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Life. All of it.

Blog by Elaine C. Hill

You can read some of my musings, literary art, thoughts, and feelings on an array of subjects.

Writer | Resilience & Somatic Trainer | Speaker |

Life & Health Coach | Mystic & Academic at Heart

Updated: Nov 8

Bringing Light to the Darkness: Mindful Moments with Grief and the Present Moment


Yes. It does have to hurt this much. -Melissa Devine


For everyone, the experience is different, the situation, the scenario is varied. The stories have nuances of meaning, the actors and what is taken away has as disparate characters as humans on this planet. And yet we are all connected in the feeling, the vast empty hollow in the chest or the pressing weight and crack that has so often been associated with the “breaking/broken heart”. This is real. This is one of the many emotions that make us human. There is a before. There is an after. There is a story that sticks in your ribs and cues your body to respond in specific ways.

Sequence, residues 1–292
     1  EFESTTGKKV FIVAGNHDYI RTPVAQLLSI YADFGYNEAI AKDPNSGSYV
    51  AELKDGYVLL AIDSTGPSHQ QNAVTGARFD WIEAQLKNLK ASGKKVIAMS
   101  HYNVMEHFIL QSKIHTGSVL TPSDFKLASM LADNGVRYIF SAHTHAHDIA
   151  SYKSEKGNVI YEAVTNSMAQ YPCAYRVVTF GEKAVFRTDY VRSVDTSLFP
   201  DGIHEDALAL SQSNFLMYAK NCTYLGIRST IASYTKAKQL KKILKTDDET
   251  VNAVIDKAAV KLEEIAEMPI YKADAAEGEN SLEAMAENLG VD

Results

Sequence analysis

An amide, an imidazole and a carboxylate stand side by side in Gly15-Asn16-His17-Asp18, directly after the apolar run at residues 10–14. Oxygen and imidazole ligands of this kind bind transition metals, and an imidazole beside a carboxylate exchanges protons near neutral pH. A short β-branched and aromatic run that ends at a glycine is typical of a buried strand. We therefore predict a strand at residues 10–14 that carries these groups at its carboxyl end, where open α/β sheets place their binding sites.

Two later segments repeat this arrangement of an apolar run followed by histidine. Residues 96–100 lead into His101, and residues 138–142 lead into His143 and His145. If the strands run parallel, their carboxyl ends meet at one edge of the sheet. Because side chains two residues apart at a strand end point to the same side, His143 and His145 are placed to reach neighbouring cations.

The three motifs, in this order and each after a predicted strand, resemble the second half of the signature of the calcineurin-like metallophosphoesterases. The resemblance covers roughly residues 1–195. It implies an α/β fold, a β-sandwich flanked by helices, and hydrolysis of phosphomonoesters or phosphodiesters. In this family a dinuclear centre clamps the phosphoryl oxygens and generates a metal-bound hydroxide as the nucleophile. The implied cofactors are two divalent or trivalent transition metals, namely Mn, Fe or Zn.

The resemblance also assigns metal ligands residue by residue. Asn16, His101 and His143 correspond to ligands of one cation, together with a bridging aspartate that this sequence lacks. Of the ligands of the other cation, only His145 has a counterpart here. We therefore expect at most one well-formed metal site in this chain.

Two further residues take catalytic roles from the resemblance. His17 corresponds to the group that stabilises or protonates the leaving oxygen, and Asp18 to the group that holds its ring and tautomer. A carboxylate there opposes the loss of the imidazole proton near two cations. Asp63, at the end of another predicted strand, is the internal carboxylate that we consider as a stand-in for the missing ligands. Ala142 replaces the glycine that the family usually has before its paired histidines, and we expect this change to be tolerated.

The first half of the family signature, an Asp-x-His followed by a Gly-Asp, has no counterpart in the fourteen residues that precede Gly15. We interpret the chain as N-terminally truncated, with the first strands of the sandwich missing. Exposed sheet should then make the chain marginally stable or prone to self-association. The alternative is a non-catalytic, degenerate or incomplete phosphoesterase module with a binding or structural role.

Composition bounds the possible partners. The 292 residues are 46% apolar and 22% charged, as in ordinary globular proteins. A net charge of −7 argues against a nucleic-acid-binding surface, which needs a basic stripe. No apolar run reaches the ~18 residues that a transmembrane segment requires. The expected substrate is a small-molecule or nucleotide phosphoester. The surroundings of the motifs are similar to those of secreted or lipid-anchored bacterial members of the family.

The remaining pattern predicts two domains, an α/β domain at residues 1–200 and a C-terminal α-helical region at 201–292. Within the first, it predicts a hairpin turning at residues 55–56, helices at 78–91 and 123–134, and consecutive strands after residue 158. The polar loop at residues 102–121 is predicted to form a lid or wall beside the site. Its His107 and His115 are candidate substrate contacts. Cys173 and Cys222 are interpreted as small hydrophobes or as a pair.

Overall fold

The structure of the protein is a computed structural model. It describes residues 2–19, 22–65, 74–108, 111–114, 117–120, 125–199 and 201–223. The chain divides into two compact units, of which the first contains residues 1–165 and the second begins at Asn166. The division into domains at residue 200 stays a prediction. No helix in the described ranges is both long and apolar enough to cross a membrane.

Don't worry; it's not just you. Grief is a fact of life and a real human emotion that can leave us feeling isolated. Bringing awareness to what it is and how it plays through our bodies can help us realize we are not alone.


What is grief? A useful model

Grief has distinct way of playing out in the human body and psyche. One model that is useful and general are the five stages of grief known as the Kuebler-Ross model (i.e. https://www.healthline.com/health/stages-of-grief#5-stages). In this model, denial is the first stage, followed by anger, then bargaining, then depression, then acceptance.


To put brief story and body/brain response behind this model, the response to the shock of the experience of loss begins with pretending the loss did not occur. ‘Denial’ is the truth that perception of reality can be frozen in a time where the change has not occurred. “This can’t be real” or forgetting that you can no longer call this person on the telephone are oh-so-vivid examples of denial.

The next phases are active, and, from a body paradigm, stages where we are most often in fight/flight mode or sympathetic nervous system activation. As the realization of the loss hits the brainstem, the first reaction for many is anger, a pointing of blame at anything or nothing to mask the overflow of emotion. An alternative or next step is bargaining, attempts to justify the loss to hide the vulnerability of the intense emotions of grief. ‘Bargaining’ looks like “if only” statements as a means to control the situation.